|Prime Minister of France|
21 February 1883 – 30 March 1885
|Preceded by||Armand Fallières|
|Succeeded by||Henri Brisson|
23 September 1880 – 10 November 1881
|Preceded by||Charles de Freycinet|
|Succeeded by||Léon Gambetta|
|President of the French Senate|
24 February 1893 – 17 March 1893
|Preceded by||Philippe Le Royer|
|Succeeded by||Paul-Armand Challemel-Lacour|
|Minister of Public Education and Fine Arts|
21 February 1883 – 20 November 1883
|Prime Minister||Jules Grévy|
|Preceded by||Jules Duvaux|
|Succeeded by||Armand Fallières|
30 January 1882 – 29 July 1882
|Prime Minister||Charles de Freycinet|
|Preceded by||Paul Bert|
|Succeeded by||Jules Duvaux|
4 February 1879 – 10 November 1881
|Prime Minister||William Waddington|
Charles de Freycinet
|Preceded by||Agénor Bardoux|
|Succeeded by||Paul Bert|
|Member of the French Chamber of Deputies|
8 February 1871 – 6 October 1889
|Preceded by||Louis Buffet|
|Succeeded by||Ernest Picot|
|10th Mayor of Paris|
15 November 1870 – 5 June 1871
|Preceded by||Étienne Arago|
|Succeeded by||Office abolished|
Jacques Chirac (1977)
|Member of the French Legislative Body|
8 June 1869 – 8 February 1871
|Preceded by||Émile Ollivier|
|Succeeded by||Charles Floquet|
Jules François Camille Ferry
5 April 1832
Saint-Dié-des-Vosges, Vosges, Kingdom of France
|Died||17 March 1893 (aged 60)|
Paris, Seine, French Republic
|Political party||"Close" Republicans|
National Republican Association
(m. 1875; his d. 1893)
Jules François Camille Ferry (French: [ʒyl fɛʁi]; 5 April 1832 – 17 March 1893) was a French statesman and republican philosopher. He was one of the leaders of the Moderate Republicans and served as Prime Minister of France from 1880 to 1881 and 1883 to 1885. He was a promoter of laicism and colonial expansion. Under the Third Republic, Ferry made primary education free and compulsory through several new laws.
Ferry was born in Saint-Dié, in the Vosges department, to Charles-Édouard Ferry, a lawyer from a family that had established itself in Saint-Dié as bellmakers, and Adélaïde Jamelet. His paternal grandfather, François-Joseph Ferry, was mayor of Saint-Dié through the Consulate and the First Empire. He studied law, and was called to the bar at Paris in 1854, but soon went into politics, contributing to various newspapers, particularly to Le Temps. He attacked the Second French Empire with great violence, directing his opposition especially against Baron Haussmann, prefect of the Seine department. A series of his articles in Le Temps was later republished as The Fantastic Tales of Haussmann (1868).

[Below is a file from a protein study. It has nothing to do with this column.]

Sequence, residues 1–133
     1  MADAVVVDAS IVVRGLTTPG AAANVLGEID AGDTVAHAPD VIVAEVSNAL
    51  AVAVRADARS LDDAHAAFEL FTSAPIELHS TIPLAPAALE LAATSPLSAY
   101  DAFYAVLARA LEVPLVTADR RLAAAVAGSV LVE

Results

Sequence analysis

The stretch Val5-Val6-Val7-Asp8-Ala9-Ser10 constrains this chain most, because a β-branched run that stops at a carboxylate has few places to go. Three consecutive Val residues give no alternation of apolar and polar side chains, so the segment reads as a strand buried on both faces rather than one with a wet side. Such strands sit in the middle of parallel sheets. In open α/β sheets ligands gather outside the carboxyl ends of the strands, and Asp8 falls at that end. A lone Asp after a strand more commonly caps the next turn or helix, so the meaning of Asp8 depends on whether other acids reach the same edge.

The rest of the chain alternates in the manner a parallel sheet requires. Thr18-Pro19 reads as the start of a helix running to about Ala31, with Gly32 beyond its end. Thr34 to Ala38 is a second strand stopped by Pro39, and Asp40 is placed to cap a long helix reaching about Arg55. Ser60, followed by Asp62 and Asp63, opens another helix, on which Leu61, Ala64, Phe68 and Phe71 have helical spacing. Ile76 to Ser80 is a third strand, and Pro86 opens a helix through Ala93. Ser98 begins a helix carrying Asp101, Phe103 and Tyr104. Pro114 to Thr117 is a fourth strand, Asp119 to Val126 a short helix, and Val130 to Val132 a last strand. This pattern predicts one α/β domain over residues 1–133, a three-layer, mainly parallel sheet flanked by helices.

Elected republican deputy for Paris in 1869, he protested against the declaration of war with Germany, and on 6 September 1870 was appointed prefect of the Seine by the Government of National Defense.
In this position, he had the difficult task of administering Paris during the siege, and after the Paris Commune was obliged to resign (5 June 1871). From 1872 to 1873 he was sent by Adolphe Thiers as minister to Athens, but returned to the chamber as deputy for the Vosges, and became one of the leaders of the Opportunist Republicans. When the first republican ministry was formed under W. H. Waddington on 4 February 1879, he was one of its members, and continued in the ministry until 30 March 1885, except for two short interruptions (from 10 November 1881 to 30 January 1882, and from 29 July 1882 to 21 February 1883), first as minister of education and then as minister of foreign affairs. A leader of the Opportunist Republicans faction, he was twice premier (1880–1881 and 1883–1885). He was an active Freemason initiated on 8 July 1875, in "La Clémante amitiée" lodge in Paris the same day as Émile Littré. He became a member of the "Alsace-Lorraine" Lodge founded in Paris in 1782.